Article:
ROBOTICS CONTROL PROJECT
Logical Designs has been involved in the development of a large number of applications. The robotics control project is an example of one such application. The goal of this project was to show the abilities of a neural network to control a Puma 502 robotic arm.
There where two tasks involved in the development of the project. The first was to show in a simulation of the arm that a neural network could in effect "solve" the inverse kinematics problem. That is, given an initial set of joint angles and a set of target coordinates(x,y,z), that a neural network could generate a sequence of joint angle changes to move the end affector of the arm to the target coordinates. The aim here was complicated by the need for the algorithm to adapt on-line to changes in the arm calibration.
The second task was to develop a path planning algorithm that could avoid known obstacles in the path of the arm. While there have been methods that have been demonstrated in two dimensions, the algorithm had to operate in three dimensions, and control an arm with five degrees of freedom.
The solution to the first task involved both neural network and random search methods. Simulation software was written to model the Puma robotic arm. With this model and feedback as to the true coordinates of the arm a supervised learning method was developed for a neural network. Network inputs consisted of the current joint angles, the coordinates of the end effector, and the target coordinates. If the controller were only to make small random changes to the joint angles and store the changes that moved the end effector closer to the target, a path would eventually be found. This random method was coupled to a neural network whose outputs where to represent the desired changes in joint angle.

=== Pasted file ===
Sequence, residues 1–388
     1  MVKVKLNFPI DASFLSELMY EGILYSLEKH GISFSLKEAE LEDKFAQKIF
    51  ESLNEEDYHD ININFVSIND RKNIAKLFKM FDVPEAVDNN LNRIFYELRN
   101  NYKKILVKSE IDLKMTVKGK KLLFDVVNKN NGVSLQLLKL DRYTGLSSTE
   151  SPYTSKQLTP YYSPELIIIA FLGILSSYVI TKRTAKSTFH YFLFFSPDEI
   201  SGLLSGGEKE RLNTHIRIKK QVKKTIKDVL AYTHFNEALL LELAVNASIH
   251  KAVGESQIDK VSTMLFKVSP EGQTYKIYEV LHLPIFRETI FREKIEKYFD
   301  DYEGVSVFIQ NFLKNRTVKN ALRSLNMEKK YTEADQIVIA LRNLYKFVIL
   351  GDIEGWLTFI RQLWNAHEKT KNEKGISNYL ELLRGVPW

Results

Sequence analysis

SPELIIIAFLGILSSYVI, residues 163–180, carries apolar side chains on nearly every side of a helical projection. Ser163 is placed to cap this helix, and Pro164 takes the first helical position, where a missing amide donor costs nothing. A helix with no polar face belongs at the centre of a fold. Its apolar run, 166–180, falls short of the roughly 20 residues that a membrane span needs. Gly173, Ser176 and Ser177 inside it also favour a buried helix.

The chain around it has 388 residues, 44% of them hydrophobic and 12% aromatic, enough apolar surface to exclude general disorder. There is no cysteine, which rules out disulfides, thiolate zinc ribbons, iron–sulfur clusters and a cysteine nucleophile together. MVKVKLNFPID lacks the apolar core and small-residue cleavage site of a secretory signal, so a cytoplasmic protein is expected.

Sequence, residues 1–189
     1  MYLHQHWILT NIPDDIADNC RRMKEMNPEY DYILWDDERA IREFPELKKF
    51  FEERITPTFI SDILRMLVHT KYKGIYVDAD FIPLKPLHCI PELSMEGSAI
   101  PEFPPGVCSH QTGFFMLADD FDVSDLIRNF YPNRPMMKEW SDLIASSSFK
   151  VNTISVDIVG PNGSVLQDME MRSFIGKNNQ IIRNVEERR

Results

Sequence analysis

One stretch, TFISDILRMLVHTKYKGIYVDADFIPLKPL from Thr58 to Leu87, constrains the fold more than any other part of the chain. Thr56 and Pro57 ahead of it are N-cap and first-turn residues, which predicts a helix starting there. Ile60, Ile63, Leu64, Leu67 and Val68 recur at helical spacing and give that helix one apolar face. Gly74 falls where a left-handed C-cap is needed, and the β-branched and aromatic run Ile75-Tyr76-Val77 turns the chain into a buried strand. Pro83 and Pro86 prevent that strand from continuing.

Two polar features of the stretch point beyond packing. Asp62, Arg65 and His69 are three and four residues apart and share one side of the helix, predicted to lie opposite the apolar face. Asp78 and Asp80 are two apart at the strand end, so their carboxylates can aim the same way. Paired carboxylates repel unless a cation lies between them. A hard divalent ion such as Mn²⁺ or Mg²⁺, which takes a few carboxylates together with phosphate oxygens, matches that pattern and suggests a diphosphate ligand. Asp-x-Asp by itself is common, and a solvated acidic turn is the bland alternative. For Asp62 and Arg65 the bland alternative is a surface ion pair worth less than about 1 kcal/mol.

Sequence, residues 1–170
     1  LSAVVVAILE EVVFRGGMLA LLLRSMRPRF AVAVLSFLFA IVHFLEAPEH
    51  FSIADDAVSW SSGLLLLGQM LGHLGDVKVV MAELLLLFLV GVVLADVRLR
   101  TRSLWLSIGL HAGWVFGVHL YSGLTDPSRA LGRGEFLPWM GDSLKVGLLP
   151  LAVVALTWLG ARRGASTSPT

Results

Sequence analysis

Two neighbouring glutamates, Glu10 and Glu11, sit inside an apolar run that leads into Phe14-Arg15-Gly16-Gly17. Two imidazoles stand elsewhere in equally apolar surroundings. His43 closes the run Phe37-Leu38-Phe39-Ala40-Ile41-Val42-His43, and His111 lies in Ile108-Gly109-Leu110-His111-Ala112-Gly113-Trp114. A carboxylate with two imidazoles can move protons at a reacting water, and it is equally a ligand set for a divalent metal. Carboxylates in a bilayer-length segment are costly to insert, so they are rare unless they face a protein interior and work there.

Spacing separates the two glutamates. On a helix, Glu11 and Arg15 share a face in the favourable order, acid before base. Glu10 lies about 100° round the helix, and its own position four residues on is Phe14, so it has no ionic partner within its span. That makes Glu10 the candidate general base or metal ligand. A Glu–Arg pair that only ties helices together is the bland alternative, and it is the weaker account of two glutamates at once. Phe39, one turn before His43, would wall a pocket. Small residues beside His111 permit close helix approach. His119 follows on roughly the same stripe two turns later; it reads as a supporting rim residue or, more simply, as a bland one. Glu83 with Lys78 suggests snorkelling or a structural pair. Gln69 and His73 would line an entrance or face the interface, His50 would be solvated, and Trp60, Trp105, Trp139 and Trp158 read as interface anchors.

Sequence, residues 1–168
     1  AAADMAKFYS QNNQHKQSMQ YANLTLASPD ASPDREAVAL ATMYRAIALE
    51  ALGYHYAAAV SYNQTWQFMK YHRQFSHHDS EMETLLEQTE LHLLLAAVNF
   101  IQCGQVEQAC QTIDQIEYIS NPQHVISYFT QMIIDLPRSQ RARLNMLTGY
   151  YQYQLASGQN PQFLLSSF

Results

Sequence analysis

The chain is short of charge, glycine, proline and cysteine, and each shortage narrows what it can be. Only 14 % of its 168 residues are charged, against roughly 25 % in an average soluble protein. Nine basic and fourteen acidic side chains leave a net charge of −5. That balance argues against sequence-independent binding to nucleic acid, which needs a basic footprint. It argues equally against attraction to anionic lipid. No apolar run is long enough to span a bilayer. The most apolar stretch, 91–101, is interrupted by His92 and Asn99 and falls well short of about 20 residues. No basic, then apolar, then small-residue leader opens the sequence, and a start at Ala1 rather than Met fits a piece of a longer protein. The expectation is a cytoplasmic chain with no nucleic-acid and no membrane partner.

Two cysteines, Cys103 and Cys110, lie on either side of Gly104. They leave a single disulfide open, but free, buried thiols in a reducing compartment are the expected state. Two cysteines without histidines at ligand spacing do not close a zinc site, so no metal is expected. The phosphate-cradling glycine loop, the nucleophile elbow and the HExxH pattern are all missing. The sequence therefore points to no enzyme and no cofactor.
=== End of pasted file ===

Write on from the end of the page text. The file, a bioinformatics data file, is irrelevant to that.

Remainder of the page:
At each step in the process the network was run to determine the changes in joint angle. A random attempt was then made to improve the position of the arm. The combined random and network changes where then used to update the network weights. As training progressed, the network outputs overshadowed the random changes.
The second task was accomplished using a Kohonen self organizing map to build a set of feasible intermediate points that could be reached using the above network without hitting an obstacle. From the feasible set of intermediate points, a shortest path algorithm was used to determine the final path.
The two methods where implemented on the Puma arm to produce a demonstration of the path planning and control system.
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